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When it comes to building a custom bike, the humble Honda CB100 probably doesn’t sit very high on many peoples list. Unless you live in Indonesia, where thousands of these bullet proof singles are ready for a rebuild — and that’s just what Deus Bali are doing. “This is one outcome of the ‘CB100 range’ we are working on” Tom from Deus mentions. “We have rounded up a gaggle of 1970’s CB100’s and are putting a different twist on each one.” The bike has been named ‘The Prospect’, because it was a while before they work out what to transform it into. It finally all came together when Deus Sydney sent them a chrome alloy ‘Peanut’ tank and “as soon as the reflective orb hit the frame the other parts just seemed to gravitate towards it, until finally the general idea was complete.”
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This story starts in 1979, when a young 12 year old is flicking through a copy of his uncles Cycle Magazine and comes across a review of the newly released Honda XR500. The article makes such a huge impact on him that he promises himself that one day he will buy one. Now, 30 years later and Andrew Greenland has finally made that childhood dream happen. Andrew isn’t a newcomer to the pages of Pipeburn — we featured his meticulous NX650 Street Tracker last year. As he says “ Honda fourstroke dirtbikes are definitely my thing.”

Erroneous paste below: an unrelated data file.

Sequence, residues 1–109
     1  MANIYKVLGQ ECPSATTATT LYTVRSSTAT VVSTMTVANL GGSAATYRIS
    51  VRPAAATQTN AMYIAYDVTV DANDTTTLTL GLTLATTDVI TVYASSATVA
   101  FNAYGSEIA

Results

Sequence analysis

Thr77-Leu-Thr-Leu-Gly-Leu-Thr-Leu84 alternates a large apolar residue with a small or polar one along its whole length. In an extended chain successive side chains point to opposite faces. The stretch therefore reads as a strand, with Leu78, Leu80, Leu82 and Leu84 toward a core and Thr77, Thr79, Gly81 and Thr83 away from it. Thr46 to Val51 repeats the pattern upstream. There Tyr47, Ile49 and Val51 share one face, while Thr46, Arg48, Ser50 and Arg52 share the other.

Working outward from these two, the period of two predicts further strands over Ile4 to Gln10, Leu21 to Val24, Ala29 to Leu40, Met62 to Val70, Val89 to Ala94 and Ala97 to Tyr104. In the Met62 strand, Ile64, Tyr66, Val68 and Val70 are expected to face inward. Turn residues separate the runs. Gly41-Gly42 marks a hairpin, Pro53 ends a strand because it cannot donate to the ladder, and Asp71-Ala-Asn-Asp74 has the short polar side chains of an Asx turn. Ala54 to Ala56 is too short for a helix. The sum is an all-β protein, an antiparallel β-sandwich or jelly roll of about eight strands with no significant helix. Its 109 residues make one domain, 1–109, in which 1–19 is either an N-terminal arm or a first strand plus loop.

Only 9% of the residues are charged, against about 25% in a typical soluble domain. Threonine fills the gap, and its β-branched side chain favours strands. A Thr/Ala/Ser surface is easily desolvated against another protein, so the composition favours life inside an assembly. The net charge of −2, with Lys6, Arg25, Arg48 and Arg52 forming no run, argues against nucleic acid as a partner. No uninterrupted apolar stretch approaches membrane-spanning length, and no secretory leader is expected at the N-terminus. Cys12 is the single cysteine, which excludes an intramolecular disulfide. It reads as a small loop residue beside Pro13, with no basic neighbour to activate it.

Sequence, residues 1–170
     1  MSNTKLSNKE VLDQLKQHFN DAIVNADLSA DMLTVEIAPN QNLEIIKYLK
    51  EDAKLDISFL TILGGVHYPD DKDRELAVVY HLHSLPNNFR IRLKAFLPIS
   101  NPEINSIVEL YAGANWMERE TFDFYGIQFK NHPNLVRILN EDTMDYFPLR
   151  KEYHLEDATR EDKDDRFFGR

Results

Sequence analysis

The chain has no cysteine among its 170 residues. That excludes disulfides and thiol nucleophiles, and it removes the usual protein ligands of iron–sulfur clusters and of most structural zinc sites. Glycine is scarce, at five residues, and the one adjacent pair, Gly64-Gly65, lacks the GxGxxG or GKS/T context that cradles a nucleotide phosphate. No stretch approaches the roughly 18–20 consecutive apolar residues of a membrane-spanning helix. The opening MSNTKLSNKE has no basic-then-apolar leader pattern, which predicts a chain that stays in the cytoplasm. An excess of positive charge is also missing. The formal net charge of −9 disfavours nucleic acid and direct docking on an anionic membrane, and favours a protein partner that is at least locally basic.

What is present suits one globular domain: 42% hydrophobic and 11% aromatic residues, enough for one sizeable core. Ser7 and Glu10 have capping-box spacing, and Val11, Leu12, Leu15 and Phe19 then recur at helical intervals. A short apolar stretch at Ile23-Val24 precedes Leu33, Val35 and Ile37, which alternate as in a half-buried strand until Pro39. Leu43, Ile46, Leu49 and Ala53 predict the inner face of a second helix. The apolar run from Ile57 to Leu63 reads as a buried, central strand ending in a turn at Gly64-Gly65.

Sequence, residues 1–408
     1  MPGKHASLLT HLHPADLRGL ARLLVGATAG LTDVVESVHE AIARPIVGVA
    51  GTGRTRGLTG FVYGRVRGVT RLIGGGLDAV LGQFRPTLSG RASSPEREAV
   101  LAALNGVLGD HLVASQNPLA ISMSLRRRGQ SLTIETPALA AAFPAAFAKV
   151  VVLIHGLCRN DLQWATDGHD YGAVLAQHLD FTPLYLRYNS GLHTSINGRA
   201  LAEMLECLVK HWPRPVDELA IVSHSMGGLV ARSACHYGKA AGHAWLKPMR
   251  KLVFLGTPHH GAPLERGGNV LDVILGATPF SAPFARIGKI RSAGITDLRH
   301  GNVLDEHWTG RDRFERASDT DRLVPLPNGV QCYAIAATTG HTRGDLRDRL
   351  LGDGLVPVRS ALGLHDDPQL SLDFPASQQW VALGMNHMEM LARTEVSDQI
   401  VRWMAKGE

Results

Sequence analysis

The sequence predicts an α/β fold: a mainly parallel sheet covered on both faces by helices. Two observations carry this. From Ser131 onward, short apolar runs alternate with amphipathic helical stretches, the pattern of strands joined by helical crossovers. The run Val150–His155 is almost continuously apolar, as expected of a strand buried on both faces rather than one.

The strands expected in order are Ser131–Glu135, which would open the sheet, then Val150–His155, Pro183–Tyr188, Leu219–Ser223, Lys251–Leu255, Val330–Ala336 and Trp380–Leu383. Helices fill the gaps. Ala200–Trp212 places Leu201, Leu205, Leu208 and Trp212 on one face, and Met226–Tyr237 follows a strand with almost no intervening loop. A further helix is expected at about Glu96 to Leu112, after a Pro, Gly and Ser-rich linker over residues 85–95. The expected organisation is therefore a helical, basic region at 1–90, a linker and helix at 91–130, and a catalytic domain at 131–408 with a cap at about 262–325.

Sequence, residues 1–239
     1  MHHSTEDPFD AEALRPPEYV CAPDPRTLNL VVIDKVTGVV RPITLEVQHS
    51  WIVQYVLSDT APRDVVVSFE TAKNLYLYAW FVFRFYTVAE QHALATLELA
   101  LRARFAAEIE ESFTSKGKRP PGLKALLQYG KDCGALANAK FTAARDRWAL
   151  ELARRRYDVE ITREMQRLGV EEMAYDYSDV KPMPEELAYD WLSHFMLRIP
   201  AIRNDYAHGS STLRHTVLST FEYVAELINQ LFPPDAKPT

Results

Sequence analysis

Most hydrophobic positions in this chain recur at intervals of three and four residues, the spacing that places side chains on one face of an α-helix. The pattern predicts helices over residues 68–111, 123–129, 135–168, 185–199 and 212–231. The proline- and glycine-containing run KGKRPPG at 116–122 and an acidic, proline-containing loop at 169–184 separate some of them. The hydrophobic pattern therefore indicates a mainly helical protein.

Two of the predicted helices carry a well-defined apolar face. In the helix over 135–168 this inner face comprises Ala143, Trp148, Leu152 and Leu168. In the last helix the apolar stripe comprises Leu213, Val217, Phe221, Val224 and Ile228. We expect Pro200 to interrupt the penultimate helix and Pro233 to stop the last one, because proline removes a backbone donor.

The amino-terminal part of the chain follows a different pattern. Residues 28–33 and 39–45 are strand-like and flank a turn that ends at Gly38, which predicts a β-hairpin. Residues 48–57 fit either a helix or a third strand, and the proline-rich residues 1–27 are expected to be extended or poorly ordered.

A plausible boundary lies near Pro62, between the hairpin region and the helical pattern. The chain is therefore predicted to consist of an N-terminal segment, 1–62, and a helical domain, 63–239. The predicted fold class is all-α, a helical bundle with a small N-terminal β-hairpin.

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When I first came across photos of this beautiful scrambler with the script “McDeeb” painted on the tank, I pictured a small company in the countryside of England, producing some classically-styled machines. After doing a bit of research and finally getting in contact with the owner, I realised how off the mark I was. Fabrizio Di Bella (AKA McDeeb) turns out to be an Italian with a penchant for Royal Enfields and classic motorcycles. Fabrizio has had an impressive career in the Italian motorcycle industry. “My career began as a motocross and road test-driver for some motorcycle magazines” Fabrizio says. “My technical background was formed mainly in R&D in the Kawasaki off-road and ATV’s Italian branch”. Then twelve years ago he got sick of working for ‘the man’ and decided to start his own garage and workshop which he called Classic Farm Motorcycles.